The New Young American Poets: An Anthology

By Kevin Prufer | Go to book overview

Khaled Mattawa

Heartsong

A bird sings from the tree. The bird sings
sending waves of desire—and I stand on my roof
waiting for a randomness to storm my days. I stand on my roof
filled with the longing that sings its way out of the bird.
And I am afraid that my call will break me,
the cry blocked by my tongue will pronounce me mad.
O bird mad with longing, O balancing bar,
tightrope, monkey grunting from a roof. Fortunate bird.
I stand on my roof and wave centuries of desire.
I am the Bedouin pondering the abandoned campsite
licking the ashes of the night fire; the American walking
walking miles of dresses, blouses, and skirts
filling them with infinite lovers;
the mystic feeling the pull swirling in his chest,
a desert of purpose expanding and burning and yellowing
every shade of green. And I stand on my roof.
And I say come like a stranger, like a feather
falling on an old woman's shoulder, like a hawk
that comes to feed from her hands, come like a mystery,
like sunlight rain, a blessing, a bus falling off a bridge,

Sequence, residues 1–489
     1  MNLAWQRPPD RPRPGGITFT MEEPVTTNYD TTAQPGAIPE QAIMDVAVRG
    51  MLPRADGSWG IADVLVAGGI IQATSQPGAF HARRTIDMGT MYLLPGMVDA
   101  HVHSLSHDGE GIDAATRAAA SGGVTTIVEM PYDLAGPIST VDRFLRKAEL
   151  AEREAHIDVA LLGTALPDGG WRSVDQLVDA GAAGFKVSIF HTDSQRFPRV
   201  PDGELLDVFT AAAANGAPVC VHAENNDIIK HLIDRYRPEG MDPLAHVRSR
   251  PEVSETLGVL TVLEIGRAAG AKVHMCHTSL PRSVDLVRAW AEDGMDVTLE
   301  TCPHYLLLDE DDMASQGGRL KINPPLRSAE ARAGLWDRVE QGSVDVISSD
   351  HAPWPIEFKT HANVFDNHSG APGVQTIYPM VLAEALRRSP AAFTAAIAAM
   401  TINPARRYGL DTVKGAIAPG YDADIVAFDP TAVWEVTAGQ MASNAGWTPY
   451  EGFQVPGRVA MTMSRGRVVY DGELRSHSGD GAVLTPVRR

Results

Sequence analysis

come like a deserting soldier, a murderer chased by law,
like a girl prostitute escaping her pimp, come like a lost horse,
like the last day on earth, come like a sigh from a sick man,
come like a whisper, like a bump on the road, like a flood,
a dam breaking, turbines falling from the sky,
come love like the stench of a swamp, a barrage of light
filling a blind girl's eye, come like a memory
convulsing the body into sobs, like a carcass floating on a stream,
come like a vision, come love like a crushing need,
come like an afterthought. Heart song. Heart song.
The pole smashes and the live wires yellow streaks
on the lush grass. Come look and let me wonder.
Someone. So many. The sounds of footsteps, horses, and cars.
Come look and let me wonder. And I stand on my roof

-93-

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